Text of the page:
Who Pays For Car Accident Compensation In Oklahoma?
Our experienced attorneys explain the complex claims process
Have you been injured in an Oklahoma car accident? Depending on the extent of your injuries, you could be looking at tens or hundreds of thousands of dollars in expenses. Between lost wages, medical bills and other costs, even a seemingly minor accident can have a major price tag. And if you didn't cause the accident, you shouldn't be the one who has to pay.
Understanding how to get compensation after a car accident can be difficult, which is why it's a good idea to consult an experienced auto accident lawyer. At Lawter & Associates, we have decades of experience helping people injured in Tulsa, Oklahoma City and statewide get full and fair compensation for their losses. That's why we've prepared this brief overview of compensation for car accidents in our state.
Oklahoma is an "at fault" insurance state
Like most states, Oklahoma uses the traditional tort system to handle compensation after car accidents. The person who is found to be at fault for an accident is legally liable for damages (financial compensation) arising from the accident, which may include an injured party's medical bills, lost wages, property damage and other expenses.
Two options to recover compensation
There are two steps you can take to recover financial compensation for your injuries sustained in a car accident:
- File a "first-party" claim with your own insurance company for property damage, medical payments if you have the right type of coverage, and uninsured motorist protection. Your insurer may then pursue compensation from the at-fault driver for property damage and may have a claim against an uninsured driver.
- File a lawsuit against the at-fault driver, who will be represented by his or her insurer.
"First-party" insurance benefits in Oklahoma
There are several types of insurance benefits that you may be able to collect from your own insurance company if you are involved in an accident, regardless of fault. Note that these types of coverage are optional in Oklahoma, which means your policy may not include them. We recommend that you go over your policy and make sure you have the first-party benefits you need in the event of an accident.
- Collision coverage pays for repairs to your car if it is damaged in an accident. Collision also pays for a replacement vehicle if your car is declared a total loss.
- Medical payments coverage pays for your medical expenses arising from the accident, up to the policy limit. It covers you and anyone riding in your insured vehicle.
Uninsured and underinsured drivers
Oklahoma requires all motorists to carry insurance. The minimum insurance coverages are:
- $25,000 for injury or death to a single person
- $50,000 total for all injuries or deaths sustained in a single accident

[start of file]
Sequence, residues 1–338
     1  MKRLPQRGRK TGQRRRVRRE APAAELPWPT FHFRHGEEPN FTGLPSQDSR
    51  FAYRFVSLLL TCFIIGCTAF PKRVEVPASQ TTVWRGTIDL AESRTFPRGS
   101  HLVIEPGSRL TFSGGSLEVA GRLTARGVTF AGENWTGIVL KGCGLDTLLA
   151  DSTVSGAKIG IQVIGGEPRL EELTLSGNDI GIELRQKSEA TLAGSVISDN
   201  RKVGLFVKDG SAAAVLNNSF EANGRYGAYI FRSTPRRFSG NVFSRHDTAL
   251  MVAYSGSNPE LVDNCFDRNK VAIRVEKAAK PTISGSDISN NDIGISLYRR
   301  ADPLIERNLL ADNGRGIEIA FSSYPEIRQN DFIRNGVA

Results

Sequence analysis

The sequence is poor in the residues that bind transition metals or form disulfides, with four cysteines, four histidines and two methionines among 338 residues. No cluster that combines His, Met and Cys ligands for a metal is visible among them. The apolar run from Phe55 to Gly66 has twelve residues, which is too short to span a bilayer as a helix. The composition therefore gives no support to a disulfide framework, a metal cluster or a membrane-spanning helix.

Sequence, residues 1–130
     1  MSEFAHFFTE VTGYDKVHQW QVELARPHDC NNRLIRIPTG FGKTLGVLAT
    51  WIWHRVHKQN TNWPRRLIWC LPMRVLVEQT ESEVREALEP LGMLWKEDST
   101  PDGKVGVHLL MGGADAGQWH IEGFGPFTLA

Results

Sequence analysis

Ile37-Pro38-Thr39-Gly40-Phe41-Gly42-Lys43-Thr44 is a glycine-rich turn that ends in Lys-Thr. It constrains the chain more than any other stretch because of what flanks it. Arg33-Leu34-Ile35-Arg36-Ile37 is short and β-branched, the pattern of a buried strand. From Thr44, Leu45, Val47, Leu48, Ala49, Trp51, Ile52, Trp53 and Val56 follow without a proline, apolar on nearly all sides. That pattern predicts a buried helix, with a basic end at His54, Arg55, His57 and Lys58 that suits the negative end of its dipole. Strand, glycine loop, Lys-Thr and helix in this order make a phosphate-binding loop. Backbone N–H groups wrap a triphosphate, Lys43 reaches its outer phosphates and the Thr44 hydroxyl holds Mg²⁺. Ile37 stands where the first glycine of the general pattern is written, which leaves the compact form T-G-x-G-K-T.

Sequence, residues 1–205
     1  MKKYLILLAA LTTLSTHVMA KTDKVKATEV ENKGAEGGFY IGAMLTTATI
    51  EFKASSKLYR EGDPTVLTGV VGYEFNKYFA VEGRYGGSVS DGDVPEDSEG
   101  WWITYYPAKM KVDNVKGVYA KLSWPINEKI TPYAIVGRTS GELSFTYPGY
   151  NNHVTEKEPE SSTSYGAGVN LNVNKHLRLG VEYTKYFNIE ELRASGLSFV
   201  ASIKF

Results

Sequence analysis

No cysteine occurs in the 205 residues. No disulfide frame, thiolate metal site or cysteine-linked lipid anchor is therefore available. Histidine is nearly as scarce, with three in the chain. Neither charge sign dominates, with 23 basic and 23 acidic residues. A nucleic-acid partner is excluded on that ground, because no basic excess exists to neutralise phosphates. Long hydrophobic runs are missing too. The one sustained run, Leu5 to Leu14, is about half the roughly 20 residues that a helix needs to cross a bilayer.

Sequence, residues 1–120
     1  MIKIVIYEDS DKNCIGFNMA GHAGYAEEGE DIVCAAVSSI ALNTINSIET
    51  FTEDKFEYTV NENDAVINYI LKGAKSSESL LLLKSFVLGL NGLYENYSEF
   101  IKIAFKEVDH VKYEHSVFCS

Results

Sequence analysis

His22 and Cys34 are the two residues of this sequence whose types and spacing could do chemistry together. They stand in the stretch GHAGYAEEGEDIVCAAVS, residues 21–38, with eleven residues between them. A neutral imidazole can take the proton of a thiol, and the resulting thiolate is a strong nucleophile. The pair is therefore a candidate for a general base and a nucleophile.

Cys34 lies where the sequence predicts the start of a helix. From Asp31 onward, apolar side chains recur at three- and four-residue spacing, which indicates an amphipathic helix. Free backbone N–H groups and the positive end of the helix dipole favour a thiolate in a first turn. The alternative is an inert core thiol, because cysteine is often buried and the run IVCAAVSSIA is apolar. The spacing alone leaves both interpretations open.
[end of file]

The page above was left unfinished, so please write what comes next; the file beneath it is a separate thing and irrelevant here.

- $25,000 for property damage
However, it is quite common for the cost of a single accident to exceed those legal minimums. And there are many drivers in Oklahoma who are breaking the law by driving without insurance. If you are involved in an accident with an uninsured driver, or a driver who does not have enough insurance to pay for all of your losses, you are in a difficult situation. You can pursue compensation from the at-fault driver's assets, but that is a difficult and time-consuming legal process - and usually, uninsured drivers have few assets to take.
If you have uninsured or underinsured motorist protection, you should be able to file a claim with your own insurance company to recover compensation for the damages that the at-fault driver does not have the coverage to pay. This type of coverage is optional in Oklahoma, and we do recommend adding it to your policy if you don't already have it.
Pursuing "third-party" damages from the at-fault driver
In general, the benefits you can obtain from your own insurance company are limited, if you have any available at all. Your first-party benefits will not pay for your lost wages, for example, nor for pain and suffering or any other non-economic damages. To get full compensation, you will need to take action against the at-fault driver.
Under Oklahoma law, you generally have up to two years from the date of the accident to file a lawsuit against the at-fault driver - this is called the "statute of limitations." Note that if you are suing a city, state or federal government, the deadline may be shorter.
Because the process of getting full compensation for a car accident is so complex, it's best to contact an experienced attorney and have your own advocate guiding you forward. That's what we do at Lawter & Associates. If you've been injured, we highly recommend that you schedule a free consultation with our firm. We'll help you understand your options and guide you through the complex claims process.